Preventing content piracy in the cloud era

Circumvention of subscriptions, geo-based restrictions motivate end-users to embrace piracy


Sacred Games Season 2, an original Indian series by Netflix, ended up being one of the many victims of rampant content piracy in India. The series was available on illicit websites and other digital mediums on the internet even before the original content was made available.

The online TV and movie revenue lost to piracy in India is expected to reach USD 3.08 billion by 2022. This is a development we’ve seen not just India; revenue losses and lost monetisation opportunities by virtue of content theft and piracy continue to plague the global media & entertainment industry today. The cost of global online streaming piracy will hit $52 billion by the year 2022, according to a report by Digital TV Research. Nearly 190-billion visits were made to illegal piracy websites in 2018, of which 17.4 Billion were from the US, followed by the Russian Federation (14.5 Billion), Brazil (10.3 Billion); with India (9.6 Billion) and the United Kingdom (5.75 Billion) as the other top nations affected by online piracy. In terms of the type of content pirated, almost 50 percent of the visits to pirated websites were for television shows, and 20 percent of visitors were looking for the latest movies.

The widespread availability of online video content, instigated by factors like ubiquitous high-speed data connectivity, hyper-connected devices and living room experiences - are all playing their part in the explosion of video content consumption online, making it lucrative for pirates to steal a portion of the pie. As more and more viewers are moving to mediums and platforms that are digitally native, circumvention of subscriptions and geo-based restrictions to access premium content with no loss in experience or quality, motivates end-users to embrace pirated means of consuming content.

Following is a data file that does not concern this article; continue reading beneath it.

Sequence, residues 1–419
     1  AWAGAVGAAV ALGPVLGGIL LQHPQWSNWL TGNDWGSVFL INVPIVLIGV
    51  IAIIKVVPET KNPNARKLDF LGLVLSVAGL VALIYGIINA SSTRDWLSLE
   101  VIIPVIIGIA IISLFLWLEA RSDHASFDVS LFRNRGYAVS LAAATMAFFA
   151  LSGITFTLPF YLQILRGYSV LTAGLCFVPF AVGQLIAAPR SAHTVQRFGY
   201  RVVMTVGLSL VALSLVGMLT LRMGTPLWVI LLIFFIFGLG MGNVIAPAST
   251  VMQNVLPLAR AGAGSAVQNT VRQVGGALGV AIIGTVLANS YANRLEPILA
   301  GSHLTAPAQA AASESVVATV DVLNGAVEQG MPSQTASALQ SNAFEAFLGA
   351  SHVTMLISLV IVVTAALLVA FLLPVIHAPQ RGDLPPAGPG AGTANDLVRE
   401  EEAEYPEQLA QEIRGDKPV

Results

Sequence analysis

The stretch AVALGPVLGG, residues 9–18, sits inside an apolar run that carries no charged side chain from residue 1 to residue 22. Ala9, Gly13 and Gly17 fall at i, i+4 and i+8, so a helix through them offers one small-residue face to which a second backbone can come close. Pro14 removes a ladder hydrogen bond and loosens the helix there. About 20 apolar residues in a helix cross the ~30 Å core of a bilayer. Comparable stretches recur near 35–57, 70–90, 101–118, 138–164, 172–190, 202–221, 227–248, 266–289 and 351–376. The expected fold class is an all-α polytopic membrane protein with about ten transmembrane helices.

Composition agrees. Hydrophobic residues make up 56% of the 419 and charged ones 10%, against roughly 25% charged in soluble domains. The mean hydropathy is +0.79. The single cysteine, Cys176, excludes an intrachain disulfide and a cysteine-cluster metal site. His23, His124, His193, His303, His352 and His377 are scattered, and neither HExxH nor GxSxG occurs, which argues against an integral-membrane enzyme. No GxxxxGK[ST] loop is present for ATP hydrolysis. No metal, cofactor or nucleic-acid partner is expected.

There are multiple ways in which digital content piracy exists today. There might be genuine users who are paying for the content but start sharing their credentials with other users. Pirate sites might sign up with content providers in a single-user model but then start re-distributing content. There are sophisticated piracy tools like re-encoders or stream ripping tools being used to grab content and redistribute it. Another popular content piracy technique is circumventing geo-restriction by using Virtual Private Networks (VPNs) and proxy servers to mask unauthorized IP addresses to make it look like an authorized IP which might lead to media companies breaching contractual obligations with their rights' holders due to content viewership from unauthorised regions.

According to a survey of almost 200 media technology influencers and decision-makers conducted by Akamai in 2018, attacks on media organisations are widespread and of different types. Service downtime, caused by DNS based attacks or DDoS attacks were listed as an important area of concern, the second most important was protecting premium video content.

For media & entertainment organisations, monetising premium video content and protecting it against unauthorised usage and distribution is key to a successful video strategy. Based on the survey, organisations face a few challenges in implementing technologies to prevent content piracy.

The Akamai content protection portfolio is designed in a way to help media organisations defend themselves against critical threat vectors so that organisations can focus on their core, which is creating and managing content; while offloading content distribution and the threats related to safeguarding it. The portfolio aims at helping organisations prevent content piracy, unauthorised access and maximise monetisation opportunities. The portfolio provides a few key capabilities including user authentication, access revocation, geo-restrictions, encryption, watermarking and securing last mile delivery using Standard TLS.

Security in the media & entertainment industry means securing the entire content delivery path from the content provider to the viewer – adopting a holistic approach to security. Any media company that wants to serve or distribute its content to these end-users or viewers needs to protect itself from attacks that can originate at multiple points across the content delivery path. Content consumption has changed over the last few years, and in that, it has shaped the next wave of technology, and how we interact with it. If viewers believe that Content is King, companies should invest well to protect it.

(The author is product marketing manager, media and entertainment, APJ, Akamai. The views expressed are his own and Indiantelevision.com may not subscribe to them.)

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